Yesterday we cobbled together a strategy for John McCain — paint himself as the more experienced of two "reform" candidates (best not to use "change," it's too obviously owned by the other guy), ignore all issues where he mirrors Bush, and allow third party attacks to keep hammering away at Obama's character and otherness. Today, in the Washington Post, Harold Meyerson has a prescription for Obama:
One key contrast Obama has been reluctant to draw is over globalization and investment. On these issues (and most others), McCain is a standard-issue Republican. He's never met a trade deal he didn't like, and his formula for boosting the American economy is to preserve tax cuts for the very rich and slash taxes on corporations. Obama, by contrast, acknowledges the costs as well as the benefits of trade and argues that globalization requires strengthening the safety net for American workers at home and putting enforceable labor standards into any future trade deals. Unlike McCain, he favors a domestic investment policy that designates tax dollars and tax credits for building a greener economy.
But these are contrasts that Obama has yet to draw in a compelling way. In a speech on the economy Friday in St. Petersburg, Fla., he talked about investing in infrastructure projects and green jobs without contrasting his stances with those of McCain, or of George W. Bush, whose economic policies are essentially indistinguishable from McCain's.
News has emerged from Canada that legendary rockers The Stooges had all their gear stolen yesterday from in front of their hotel in Montreal. The equipment, including guitars, pedals, amps, and drums, was packed into a rented truck outside the Embassy Suites hotel, and was taken sometime around the rock-stars-are-sleeping hour of 7:00 a.m. Bassist Mike Watt's original Gibson guitar, which he's used since playing with the Minutemen in the '80s, is among the missing. [Update 8/6: Idolator says they have found the truck, but no gear.] The band have appealed for any information leading to the recovery of the instruments, but history isn't on their side: bands who lose their stuff rarely get it back, although sometimes, the trauma leads to creative breakthroughs. Here's some recent episodes of gear theft and how it turned out for the artists.
After months of mixed messages or no message at all, the McCain campaign has finally hit on something that I think might get some traction. For starters, it's actually about McCain, and not simply slamming Obama.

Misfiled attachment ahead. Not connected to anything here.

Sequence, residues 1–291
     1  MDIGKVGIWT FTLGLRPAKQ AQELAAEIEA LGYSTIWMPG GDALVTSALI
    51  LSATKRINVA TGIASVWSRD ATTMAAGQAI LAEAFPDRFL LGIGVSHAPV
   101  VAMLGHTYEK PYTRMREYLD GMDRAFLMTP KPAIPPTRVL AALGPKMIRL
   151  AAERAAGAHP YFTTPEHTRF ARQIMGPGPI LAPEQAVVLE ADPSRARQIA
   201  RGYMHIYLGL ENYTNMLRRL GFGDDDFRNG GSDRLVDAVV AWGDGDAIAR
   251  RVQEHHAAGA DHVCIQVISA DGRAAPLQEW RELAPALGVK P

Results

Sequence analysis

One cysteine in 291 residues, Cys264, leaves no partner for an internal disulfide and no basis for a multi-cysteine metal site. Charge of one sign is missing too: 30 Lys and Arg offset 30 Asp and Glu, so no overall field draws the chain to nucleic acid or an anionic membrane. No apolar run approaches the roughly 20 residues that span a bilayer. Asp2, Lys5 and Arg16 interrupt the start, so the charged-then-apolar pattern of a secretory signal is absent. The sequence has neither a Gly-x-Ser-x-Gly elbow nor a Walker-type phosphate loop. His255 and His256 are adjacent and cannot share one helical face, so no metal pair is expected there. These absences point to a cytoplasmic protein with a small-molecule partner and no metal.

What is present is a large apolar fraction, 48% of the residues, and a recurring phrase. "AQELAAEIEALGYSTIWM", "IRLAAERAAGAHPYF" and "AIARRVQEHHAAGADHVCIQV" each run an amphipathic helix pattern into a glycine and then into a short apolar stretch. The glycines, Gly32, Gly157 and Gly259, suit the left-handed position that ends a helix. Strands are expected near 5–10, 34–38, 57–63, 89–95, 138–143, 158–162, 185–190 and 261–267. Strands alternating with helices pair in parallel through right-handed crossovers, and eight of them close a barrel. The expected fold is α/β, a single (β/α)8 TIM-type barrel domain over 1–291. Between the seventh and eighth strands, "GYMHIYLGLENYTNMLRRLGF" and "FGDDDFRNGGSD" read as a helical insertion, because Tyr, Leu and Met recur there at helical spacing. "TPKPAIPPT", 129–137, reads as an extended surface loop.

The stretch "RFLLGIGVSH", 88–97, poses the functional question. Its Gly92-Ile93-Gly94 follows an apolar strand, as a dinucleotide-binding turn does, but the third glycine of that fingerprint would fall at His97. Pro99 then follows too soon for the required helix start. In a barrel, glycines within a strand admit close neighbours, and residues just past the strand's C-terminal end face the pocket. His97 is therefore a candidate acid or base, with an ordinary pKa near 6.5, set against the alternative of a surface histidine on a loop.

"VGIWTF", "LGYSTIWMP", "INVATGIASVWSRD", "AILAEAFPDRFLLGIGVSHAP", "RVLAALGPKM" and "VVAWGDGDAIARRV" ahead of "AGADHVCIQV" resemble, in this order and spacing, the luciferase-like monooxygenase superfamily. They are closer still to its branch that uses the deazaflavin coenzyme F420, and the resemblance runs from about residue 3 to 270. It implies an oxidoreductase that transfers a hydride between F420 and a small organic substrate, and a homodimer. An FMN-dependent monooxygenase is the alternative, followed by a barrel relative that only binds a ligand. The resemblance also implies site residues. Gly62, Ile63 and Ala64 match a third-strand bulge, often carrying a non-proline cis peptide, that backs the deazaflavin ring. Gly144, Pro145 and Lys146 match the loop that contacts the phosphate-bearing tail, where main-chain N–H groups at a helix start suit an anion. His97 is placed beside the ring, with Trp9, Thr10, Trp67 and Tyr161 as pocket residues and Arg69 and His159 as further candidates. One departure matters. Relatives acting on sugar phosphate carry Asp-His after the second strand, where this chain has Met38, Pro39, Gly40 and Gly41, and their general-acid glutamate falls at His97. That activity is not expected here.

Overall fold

The thing is, this election is tailor-made for the John McCain of eight years ago. A Republican has spent eight years screwing up the country — only a Republican that was willing to embrace moderate or liberal solutions and to shoot straight about his own party's failures would have a chance to earn the GOP another term.
I acknowledge that McCain couldn't do this in the primary. But as soon as he had won it (or maybe after a short, graceful transition), he should have begun saying the sorts of things you find at the beginning of this ad: "Washington's broken. John McCain knows it. We're worse off than we were four years ago." No mention of Iraq, no mention of tax policy, no mention of free trade — issues where he echoes the president.
If McCain had done this since March, the choice placed between the American people would be two reformers, two change candidates — except one with a track record and experience. Instead, he spent several months saying nothing much at all, or attacking Barack Obama for being too well liked.
That said, I don't think it's too late. If McCain can maintain a laser-like focus on message and hammer the point that he is the reformer with results... throw in some really nasty third party attacks on Obama in September and October... maybe this election stops being Obama's to lose and becomes McCain's to win.
For the record, here's what McCain was saying in the primary.
Does that include Oasis? Oh, sorry, I thought they said "frustrating." A poll commissioned by O2 Undiscovered has found that 20 percent of people questioned consider themselves "frustrated musicians," i.e., they wish they could toss aside their current job choice for an exciting music industry career. Respondents indicating that music was their true love included 11 percent of construction workers and 10 percent of doctors. Does anyone else feel a bit anxious knowing that the people building your house or slicing open your belly are daydreaming of landing in the Billboard charts? Actually, maybe they just want to be rich: 25 percent of respondents in the survey said The Beatles would be "the ideal band to forge a career in" if they could pick any band in history. What, not The Rutles?
The study did return one serious finding: three quarters of respondents felt they "had not been encouraged" to pursue a career in music at school or at home, and half felt schools should provide more of a musical education. I'll support that, although as Obama says, some of you might be the next Lil Wayne, but most of you won't. Now back to taking out my appendix, dammit!
Photo used under a Creative Commons license from Flickr user NYCArthur.